Lorcia Cooper Kumalo from Red Ink on her intentions when choosing roles

By Zibuyile Dladla27 March 2024

Lorcia Cooper Kumalo from Red Ink on her intentions when choosing roles

Lorcia Cooper Kumalo won the SAFTA for her role as Tyson on Lockdown, and fans have been just as impressed by her latest role in Red Ink, adapted from Angela Makholwa-Moabelo’s bestselling novel.

Zibuyile Dladla sat down with the much-loved actress to find out more about embodying the feisty, courageous and clever Detective Morapedi in the hit Showmax Original, which is now available to binge after getting rave reviews. As Debashine Thangevelo writes on IOL, “To say I was blown away by what I’ve seen of Red Ink.. would be a gross understatement… The South African TV and film landscape has grown in leaps and bounds in recent years. So much so that it can longer be compared to Hollywood… Simply put, we are no longer followers but pioneers in our storytelling.”

Lorcia Cooper as Detective Morapedi in Red Ink S1

You come across as an actress that is very specific about the roles she takes on. Why did you decide to work on this project?

Starting in this industry I was very particular about what kind of artist I wanted to be. The answer always came back to me: wanting to be an artist that would have an impact. As a dancer, I always wanted my work to touch someone. That was my bottom line all the time, and the same applied to when I started becoming an actress. So any story I take on I’d like it to have an impact – I always ask myself if this storyline will invoke some type of emotion and if the storyline makes the audience think beyond what they knew. Red Ink for me ticked all those boxes. This is why, when I do take on roles, I am specific – I don’t commit 99%, I go all-in because somewhere out there, there is someone who really is a Detective Morapedi and so I’d like to be earnest about that, and about how I tell that story.

Did you ever find yourself delving mentally into a dark place to understand or tap into why a character like Napoleon is the way he is?  

I had to figure out how to find the balance between finding my calm and figuring out why a character like Napoleon was so dark. It’s about finding that synergy – because if you then buy into why a character is so dark your empathy leans too much towards the perpetrator, and you start buying into their narrative and their story.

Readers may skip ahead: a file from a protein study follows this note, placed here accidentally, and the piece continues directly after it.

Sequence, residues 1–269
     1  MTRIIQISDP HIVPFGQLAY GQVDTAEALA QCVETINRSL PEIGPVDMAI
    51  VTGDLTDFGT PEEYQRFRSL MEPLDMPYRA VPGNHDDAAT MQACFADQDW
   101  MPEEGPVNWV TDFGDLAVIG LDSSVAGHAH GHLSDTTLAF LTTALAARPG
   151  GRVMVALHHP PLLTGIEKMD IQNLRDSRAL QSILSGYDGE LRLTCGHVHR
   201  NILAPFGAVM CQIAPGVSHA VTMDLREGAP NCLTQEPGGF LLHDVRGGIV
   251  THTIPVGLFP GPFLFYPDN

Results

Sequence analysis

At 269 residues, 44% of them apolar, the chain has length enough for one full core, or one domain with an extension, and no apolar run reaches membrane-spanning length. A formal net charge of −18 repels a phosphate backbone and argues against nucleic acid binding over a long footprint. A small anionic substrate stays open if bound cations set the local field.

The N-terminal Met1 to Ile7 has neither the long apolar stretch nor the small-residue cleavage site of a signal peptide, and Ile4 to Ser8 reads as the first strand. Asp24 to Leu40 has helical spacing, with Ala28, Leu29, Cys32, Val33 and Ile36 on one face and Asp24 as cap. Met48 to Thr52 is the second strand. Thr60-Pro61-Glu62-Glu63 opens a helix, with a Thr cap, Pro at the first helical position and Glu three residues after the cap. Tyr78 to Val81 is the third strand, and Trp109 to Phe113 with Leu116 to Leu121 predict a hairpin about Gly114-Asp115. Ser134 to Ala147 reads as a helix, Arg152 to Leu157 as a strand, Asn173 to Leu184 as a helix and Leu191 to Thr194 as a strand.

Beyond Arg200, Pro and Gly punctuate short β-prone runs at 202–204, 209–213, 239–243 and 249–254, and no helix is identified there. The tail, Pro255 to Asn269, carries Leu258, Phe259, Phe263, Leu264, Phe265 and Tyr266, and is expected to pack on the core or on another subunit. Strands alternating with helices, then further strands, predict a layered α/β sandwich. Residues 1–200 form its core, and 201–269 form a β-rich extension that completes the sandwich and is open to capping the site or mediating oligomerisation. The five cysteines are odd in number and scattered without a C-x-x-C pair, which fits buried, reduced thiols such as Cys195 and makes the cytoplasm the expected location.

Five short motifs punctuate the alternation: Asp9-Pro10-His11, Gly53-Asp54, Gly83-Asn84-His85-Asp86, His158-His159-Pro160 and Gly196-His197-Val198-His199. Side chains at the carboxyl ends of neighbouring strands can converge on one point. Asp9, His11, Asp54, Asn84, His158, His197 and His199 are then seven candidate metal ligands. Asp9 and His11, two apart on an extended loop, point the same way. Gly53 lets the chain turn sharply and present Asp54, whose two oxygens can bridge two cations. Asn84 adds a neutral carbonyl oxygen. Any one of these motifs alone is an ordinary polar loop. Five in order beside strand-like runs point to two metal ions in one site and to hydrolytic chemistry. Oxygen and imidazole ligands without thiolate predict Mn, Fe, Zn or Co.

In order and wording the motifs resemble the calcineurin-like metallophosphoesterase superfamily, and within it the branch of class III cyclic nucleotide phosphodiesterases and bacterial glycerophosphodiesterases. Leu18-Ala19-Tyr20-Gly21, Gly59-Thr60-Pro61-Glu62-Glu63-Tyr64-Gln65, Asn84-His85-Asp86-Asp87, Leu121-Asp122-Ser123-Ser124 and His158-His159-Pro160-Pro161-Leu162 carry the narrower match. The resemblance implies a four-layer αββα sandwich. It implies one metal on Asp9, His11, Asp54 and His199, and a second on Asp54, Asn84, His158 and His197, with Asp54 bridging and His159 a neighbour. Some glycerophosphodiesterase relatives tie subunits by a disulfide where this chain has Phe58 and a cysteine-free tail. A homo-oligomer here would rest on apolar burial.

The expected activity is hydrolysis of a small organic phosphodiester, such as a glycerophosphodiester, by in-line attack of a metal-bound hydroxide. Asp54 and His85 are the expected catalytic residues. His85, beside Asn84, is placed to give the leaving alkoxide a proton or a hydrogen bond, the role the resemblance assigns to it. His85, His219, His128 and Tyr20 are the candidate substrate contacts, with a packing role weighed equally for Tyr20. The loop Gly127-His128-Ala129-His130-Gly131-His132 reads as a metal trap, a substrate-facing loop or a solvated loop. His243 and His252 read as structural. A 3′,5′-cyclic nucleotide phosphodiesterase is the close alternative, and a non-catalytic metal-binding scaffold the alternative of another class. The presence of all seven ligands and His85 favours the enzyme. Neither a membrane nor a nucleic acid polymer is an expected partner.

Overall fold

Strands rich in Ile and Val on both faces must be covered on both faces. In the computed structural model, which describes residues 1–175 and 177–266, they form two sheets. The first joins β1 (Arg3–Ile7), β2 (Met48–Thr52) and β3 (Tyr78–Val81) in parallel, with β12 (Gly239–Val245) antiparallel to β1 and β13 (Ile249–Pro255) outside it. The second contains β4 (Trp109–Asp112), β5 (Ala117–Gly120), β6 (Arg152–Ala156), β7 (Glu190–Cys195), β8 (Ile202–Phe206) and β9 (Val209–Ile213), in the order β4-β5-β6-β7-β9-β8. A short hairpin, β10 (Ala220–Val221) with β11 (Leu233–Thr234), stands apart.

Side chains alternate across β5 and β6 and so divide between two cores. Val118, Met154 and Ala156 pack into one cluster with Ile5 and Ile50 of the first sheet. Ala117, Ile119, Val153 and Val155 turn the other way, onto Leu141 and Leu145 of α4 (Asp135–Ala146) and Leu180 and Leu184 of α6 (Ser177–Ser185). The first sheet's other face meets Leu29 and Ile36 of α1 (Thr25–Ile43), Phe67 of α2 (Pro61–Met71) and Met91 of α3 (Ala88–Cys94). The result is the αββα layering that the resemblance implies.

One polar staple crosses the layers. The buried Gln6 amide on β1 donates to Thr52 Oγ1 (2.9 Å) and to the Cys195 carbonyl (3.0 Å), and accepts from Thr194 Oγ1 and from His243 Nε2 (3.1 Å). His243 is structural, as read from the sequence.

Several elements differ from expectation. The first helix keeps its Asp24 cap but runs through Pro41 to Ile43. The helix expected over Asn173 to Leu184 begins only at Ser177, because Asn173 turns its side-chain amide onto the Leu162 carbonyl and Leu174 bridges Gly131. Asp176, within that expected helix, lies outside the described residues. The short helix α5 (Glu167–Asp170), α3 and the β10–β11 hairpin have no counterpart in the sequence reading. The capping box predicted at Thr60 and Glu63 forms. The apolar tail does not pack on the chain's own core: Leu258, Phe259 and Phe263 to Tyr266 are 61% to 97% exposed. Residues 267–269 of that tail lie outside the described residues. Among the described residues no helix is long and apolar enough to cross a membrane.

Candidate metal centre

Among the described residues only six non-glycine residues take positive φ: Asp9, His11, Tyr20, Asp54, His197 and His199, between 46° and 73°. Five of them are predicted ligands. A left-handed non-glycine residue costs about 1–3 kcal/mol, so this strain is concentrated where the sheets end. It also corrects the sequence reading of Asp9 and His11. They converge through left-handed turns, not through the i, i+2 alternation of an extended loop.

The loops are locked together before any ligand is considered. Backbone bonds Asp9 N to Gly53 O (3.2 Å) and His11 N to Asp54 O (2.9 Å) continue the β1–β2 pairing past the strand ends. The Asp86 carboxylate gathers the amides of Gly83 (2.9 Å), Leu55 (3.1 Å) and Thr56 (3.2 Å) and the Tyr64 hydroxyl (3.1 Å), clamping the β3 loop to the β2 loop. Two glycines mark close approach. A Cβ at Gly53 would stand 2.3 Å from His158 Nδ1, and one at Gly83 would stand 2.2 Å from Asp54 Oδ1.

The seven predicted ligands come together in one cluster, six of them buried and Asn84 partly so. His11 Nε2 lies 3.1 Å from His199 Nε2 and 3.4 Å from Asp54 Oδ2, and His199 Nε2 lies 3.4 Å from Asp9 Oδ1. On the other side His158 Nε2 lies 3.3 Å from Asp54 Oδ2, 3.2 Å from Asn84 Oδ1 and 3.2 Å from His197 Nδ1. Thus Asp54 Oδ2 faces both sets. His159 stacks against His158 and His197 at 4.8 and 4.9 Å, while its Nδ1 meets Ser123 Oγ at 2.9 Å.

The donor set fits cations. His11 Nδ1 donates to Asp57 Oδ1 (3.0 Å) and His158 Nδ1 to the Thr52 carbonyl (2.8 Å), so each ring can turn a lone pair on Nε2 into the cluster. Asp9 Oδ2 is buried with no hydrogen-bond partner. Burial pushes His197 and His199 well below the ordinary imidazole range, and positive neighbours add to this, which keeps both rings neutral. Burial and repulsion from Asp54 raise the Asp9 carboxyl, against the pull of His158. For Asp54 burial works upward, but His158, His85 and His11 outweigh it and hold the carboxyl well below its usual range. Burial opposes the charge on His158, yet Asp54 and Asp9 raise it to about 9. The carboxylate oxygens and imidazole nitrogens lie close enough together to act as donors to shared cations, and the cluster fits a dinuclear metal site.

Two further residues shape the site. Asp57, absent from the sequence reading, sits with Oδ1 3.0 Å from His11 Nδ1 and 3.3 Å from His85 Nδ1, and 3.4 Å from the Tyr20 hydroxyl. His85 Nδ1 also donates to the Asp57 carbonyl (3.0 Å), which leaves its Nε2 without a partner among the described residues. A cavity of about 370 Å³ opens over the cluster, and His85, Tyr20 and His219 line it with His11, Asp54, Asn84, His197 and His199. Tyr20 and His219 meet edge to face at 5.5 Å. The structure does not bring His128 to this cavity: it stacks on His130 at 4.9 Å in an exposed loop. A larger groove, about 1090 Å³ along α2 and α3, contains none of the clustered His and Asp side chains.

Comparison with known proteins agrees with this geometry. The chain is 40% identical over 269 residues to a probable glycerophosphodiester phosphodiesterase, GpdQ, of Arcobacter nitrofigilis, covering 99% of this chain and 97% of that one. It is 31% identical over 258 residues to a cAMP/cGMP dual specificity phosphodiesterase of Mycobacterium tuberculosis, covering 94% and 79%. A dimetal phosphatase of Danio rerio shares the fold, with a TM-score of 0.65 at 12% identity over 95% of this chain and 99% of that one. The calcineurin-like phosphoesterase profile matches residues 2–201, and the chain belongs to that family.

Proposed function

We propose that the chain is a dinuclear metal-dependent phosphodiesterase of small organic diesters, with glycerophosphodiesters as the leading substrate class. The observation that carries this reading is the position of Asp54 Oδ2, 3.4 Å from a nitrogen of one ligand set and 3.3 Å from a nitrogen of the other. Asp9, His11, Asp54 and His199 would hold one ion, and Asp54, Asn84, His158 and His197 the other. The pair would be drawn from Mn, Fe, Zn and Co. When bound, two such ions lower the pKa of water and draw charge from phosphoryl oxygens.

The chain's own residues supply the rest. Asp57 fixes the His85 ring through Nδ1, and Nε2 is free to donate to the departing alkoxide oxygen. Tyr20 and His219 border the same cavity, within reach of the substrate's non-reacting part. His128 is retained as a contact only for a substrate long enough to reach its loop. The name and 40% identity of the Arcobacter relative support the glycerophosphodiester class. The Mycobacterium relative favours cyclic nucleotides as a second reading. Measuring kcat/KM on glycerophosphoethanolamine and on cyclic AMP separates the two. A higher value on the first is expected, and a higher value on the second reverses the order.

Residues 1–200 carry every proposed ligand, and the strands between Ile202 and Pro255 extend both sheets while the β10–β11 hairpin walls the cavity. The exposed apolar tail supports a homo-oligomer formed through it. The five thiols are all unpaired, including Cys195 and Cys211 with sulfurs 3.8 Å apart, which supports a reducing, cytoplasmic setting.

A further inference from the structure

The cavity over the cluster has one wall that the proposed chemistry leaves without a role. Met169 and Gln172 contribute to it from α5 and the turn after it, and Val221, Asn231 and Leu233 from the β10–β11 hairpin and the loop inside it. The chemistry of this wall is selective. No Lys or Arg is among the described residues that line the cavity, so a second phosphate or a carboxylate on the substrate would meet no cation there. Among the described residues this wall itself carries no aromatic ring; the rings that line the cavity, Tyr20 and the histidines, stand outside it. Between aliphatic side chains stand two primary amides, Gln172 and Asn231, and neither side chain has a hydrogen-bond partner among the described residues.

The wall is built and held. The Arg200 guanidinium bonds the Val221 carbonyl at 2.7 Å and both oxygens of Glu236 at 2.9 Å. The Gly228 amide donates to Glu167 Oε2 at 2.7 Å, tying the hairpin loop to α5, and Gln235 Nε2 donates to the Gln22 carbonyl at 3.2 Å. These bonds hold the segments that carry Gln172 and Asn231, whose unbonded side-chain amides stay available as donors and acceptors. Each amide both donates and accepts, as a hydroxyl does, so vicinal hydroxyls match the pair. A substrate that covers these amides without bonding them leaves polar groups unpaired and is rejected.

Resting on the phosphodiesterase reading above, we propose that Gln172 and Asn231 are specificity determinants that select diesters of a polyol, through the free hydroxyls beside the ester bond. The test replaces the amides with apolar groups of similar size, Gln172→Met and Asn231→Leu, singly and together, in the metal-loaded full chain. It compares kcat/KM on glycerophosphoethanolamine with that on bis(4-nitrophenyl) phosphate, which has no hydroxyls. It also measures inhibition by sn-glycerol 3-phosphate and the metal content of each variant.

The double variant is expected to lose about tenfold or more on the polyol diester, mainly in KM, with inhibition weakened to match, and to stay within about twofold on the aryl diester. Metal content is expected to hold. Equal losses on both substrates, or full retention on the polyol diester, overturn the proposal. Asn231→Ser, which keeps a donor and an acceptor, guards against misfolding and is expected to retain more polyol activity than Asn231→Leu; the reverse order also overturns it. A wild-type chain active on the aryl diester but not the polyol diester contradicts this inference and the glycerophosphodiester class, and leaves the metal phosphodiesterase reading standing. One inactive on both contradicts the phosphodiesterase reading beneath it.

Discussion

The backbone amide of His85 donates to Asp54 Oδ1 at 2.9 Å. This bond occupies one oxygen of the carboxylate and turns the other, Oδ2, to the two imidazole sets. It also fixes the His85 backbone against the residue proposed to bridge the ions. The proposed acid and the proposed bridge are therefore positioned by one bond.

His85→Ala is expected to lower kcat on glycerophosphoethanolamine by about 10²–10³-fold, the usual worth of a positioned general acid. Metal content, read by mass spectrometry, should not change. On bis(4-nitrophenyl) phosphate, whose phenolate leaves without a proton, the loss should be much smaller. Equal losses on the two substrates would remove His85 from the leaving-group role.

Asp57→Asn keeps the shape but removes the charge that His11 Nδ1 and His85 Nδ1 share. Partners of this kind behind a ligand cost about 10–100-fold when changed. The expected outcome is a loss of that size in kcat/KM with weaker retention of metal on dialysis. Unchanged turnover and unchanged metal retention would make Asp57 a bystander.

Lorcia Cooper Kumalo as Detective Morapedi in Red Ink

We all have a story in our lives and how we either respond or react to that story ultimately determines whether we stand on moral or immoral ground. So yes, I wanted to know what this person’s (Napoleon) backstory is, but cannot buy into their backstory so much that they end up having empathy for them because at the end of the day there is a victim involved. I had to look at the facts about this character and who am I protecting – which is the victim.

What were your thoughts when you first read the Red Ink script?

I’d like to first mention that South African writers are so phenomenal with not only how they write but also with the kind of stories they write. This story could really sit anywhere in the world and I appreciated that the author [Angela Makholwa-Moabelo] was so ingenious in doing that. Red Ink is a story that can appeal to a global market and the fact that it is written by a South African excited me even more because here’s a book that’s already great and I get to be a part of it – giving it legs from a film perspective. I love that and I also love that the storyline was so layered that you’re not quite sure how the story will play out. Even when I was reading the script, I kept wanting to get to the end because I wanted to know how everything was going to end.

What’s the one thing you’ve come to appreciate about your character on Red Ink?

I appreciate how my character has so much composure. Even when she loses it, it’s strategic. Detective Morapedi is not careless or clumsy with her emotions or how she reacts to something – she is constantly plotting and planning. And because she stands for justice, she always wants to find what the answer is. I also appreciate how she’s solution-driven; she doesn’t cower when there is a problem because she believes that with a problem there is ultimately a solution.

What material did you either watch or read to prepare for this role?

I think I’m very careful about what kind of material I specifically watch before prepping for a role because you can cross the line between being inspired and mimicking, and I don’t condone mimicking. But I did start watching specific crime shows just to understand how the mind of a serial killer works. So I did research on serial killers, and from a detective’s point of view, I did some research on how detectives can coerce a suspect to eventually tell the truth. 

Red Ink is a partnership between Makholwa-Moabelo’s Britespark Films and Bomb Productions. This marks the first Showmax Original from Bomb, who made DStv’s most-watched drama series, Shaka Ilembe, as well as classics such as Venice winner Yizo Yizo, Oscar nominee Mandela, Sundance winner Amandla: A Revolution In Four-Part Harmony, and SAFTA winners like Isibaya. SAFTA winners Zeno Petersen and Adze Ugah (both directors on Shaka Ilembe) direct Red Ink, which is executive produced by Makholwa-Moabelo, Oscar nominee Angus Gibson, and Emmy nominee Desiree Markgraaff. 

See Lorcia in conversation with co-star Nkosinathi Mlambo, who plays her partner, Detective Khumalo

Quirky moments: Red Ink approval or prison time?
Red Ink: Nqobile Nunu Khumalo unveils Lucy